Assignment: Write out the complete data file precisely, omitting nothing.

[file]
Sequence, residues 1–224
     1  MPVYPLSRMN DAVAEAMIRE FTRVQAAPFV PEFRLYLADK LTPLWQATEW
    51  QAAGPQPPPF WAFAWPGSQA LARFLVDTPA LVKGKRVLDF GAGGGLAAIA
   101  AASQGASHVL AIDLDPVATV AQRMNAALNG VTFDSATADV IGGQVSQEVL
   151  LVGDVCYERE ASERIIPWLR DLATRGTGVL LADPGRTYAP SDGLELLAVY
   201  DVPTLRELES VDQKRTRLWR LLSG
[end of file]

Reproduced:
Sequence, residues 1–224
     1  MPVYPLSRMN DAVAEAMIRE FTRVQAAPFV PEFRLYLADK LTPLWQATEW
    51  QAAGPQPPPF WAFAWPGSQA LARFLVDTPA LVKGKRVLDF GAGGGLAAIA
   101  AASQGASHVL AIDLDPVATV AQRMNAALNG VTFDSATADV IGGQVSQEVL
   151  LVGDVCYERE ASERIIPWLR DLATRGTGVL LADPGRTYAP SDGLELLAVY
   201  DVPTLRELES VDQKRTRLWR LLSG